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laztrezort

Validating references between data objects

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I have a collection of data - I call it a database, but it is not formally a database - that is organized into various collections of varying objects. For example, I may have:

ObjectACollection - an array (or collection) of ObjectA's
ObjectBCollection - an array (or collection) of ObjectB's

and so on. This database is user editable - a user can add and remove objects into the various collections, filling in the necessary data fields for each. Some objects may reference others. For example, a particular ObjectA may reference a particular ObjectB. The graph of these object references may get somewhat complex, though there will be no circular references.

Note that when I say "reference" I don't necessarily mean a reference as in holding a pointer. It may be an array index, or a dictionary key - I haven't implemented any of the object collections yet.

Here is the problem: as an example, a user may, at some point during the editing, want to remove an ObjectA from ObjectACollection. This would invalidate any other object that references that particular ObjectA. Ideally, the user would be notified of this, either not allowing deletion or handling the validation automatically and safely.

My naive solution is to have a DatabaseManager that holds all of the object collections, and knows all about their links. It would step through all of the collections and validate whenever necessary.

I've long ago learned that the naive solution is rarely the cleanest one, so I figured I should go fishing for some possible advice. In particular, I'm worried that the system may need to be updated (new objects and reference links added) at a later time, and the DatabaseManager will become a monstrous object full of spaghetti :)

Of course, on the flipside, I've also been known to over-think problems, so perhaps this is a perfectly valid solution.

Some notes in case it is important:
1. I'm using C#
2. Speed, memory optimizations are not (should not be) an issue.
3. Other than adding/removing objects, the DataBase has little else functionality.

So, to reiterate, does the naive solution outlined above seem reasonable, or are there known/preferred/tried-and-true methods or patterns out there better suited? It seems like this would be common scenario in certain applications, but it's new to me.

I'm not afraid of research, so even some search terms would be appreciated.

Thanks!

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Quote:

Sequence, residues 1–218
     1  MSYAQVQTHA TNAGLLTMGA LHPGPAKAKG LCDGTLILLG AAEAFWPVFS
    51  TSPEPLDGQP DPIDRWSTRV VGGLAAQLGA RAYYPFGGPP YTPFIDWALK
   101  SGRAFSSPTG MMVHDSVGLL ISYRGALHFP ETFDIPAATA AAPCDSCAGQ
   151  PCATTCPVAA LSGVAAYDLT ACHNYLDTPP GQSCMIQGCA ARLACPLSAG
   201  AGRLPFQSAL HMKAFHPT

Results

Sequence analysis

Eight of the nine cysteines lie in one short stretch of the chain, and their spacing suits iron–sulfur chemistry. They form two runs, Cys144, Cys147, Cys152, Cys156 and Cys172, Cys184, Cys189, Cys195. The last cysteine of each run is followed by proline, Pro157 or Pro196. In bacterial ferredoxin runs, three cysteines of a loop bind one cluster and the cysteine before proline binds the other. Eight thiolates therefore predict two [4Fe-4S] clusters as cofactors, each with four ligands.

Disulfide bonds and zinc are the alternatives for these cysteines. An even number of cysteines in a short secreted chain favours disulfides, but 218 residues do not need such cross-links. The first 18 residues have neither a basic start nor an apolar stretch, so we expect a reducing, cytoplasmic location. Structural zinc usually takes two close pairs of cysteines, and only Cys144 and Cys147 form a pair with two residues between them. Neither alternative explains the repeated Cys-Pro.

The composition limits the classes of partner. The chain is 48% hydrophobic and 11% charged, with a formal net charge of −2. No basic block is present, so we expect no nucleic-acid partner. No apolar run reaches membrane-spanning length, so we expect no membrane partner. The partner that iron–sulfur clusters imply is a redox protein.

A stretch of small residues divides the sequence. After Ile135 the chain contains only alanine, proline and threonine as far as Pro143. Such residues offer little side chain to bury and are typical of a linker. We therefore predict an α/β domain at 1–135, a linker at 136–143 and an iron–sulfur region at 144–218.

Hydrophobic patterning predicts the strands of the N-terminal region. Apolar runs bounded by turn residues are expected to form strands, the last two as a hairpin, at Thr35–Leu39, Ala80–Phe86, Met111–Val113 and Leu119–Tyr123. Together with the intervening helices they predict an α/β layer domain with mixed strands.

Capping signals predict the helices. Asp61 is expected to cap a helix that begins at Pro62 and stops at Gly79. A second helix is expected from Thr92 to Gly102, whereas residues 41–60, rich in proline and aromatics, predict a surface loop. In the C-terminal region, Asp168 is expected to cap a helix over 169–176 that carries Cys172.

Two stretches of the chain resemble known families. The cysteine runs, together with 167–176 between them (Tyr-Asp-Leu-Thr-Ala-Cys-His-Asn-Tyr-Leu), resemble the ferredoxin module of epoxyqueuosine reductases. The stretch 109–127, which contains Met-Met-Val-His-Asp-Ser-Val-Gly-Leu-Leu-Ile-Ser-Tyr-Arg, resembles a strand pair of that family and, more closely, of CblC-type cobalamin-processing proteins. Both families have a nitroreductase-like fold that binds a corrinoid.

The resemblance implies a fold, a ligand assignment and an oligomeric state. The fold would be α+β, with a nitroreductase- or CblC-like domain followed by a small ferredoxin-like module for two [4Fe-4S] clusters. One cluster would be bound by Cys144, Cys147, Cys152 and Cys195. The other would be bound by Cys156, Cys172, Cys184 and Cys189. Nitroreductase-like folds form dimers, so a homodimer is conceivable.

Original post by laztrezort
The graph of these object references may get somewhat complex, though there will be no circular references.


Graph without cycles is a most commonly a tree.

A tree node is easily represented using parent and child pointers.

For complex relations, each node may have more than one parent. It then becomes trivial to update relations in either direction.

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Quote:
Original post by Antheus
Graph without cycles is a most commonly a tree.

A tree node is easily represented using parent and child pointers.

For complex relations, each node may have more than one parent. It then becomes trivial to update relations in either direction.


I guess I noticed the tree-like structure of the data but hadn't considered implementing the whole thing as an actual tree - storing references to both parents and children. That would certainly simplify things, I think.

Storing pointers would make the data harder to serialize, but I suppose the tree could be rebuilt when loading.

Thanks for the suggestion.

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Quote:
Original post by laztrezort
Quote:
Original post by Antheus
Graph without cycles is a most commonly a tree.

A tree node is easily represented using parent and child pointers.

For complex relations, each node may have more than one parent. It then becomes trivial to update relations in either direction.


I guess I noticed the tree-like structure of the data but hadn't considered implementing the whole thing as an actual tree - storing references to both parents and children. That would certainly simplify things, I think.

Storing pointers would make the data harder to serialize, but I suppose the tree could be rebuilt when loading.

Thanks for the suggestion.


You don't have to "implement the whole thing as an actual tree" with dynamically allocated nodes and so forth. All you have to do differently is change your database code such that if object A references object B, object B knows this i.e. for each object maintain a list of objects that reference it. Then if object B gets deleted it's trivial to update object A.

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Quote:
Original post by jwezorek
You don't have to "implement the whole thing as an actual tree" with dynamically allocated nodes and so forth. All you have to do differently is change your database code such that if object A references object B, object B knows this i.e. for each object maintain a list of objects that reference it. Then if object B gets deleted it's trivial to update object A.


I thought I might have been over complicating things...

This sounds fairly simple (and obvious, now). I'll try a quick test implementation to see how it goes.

Thanks!

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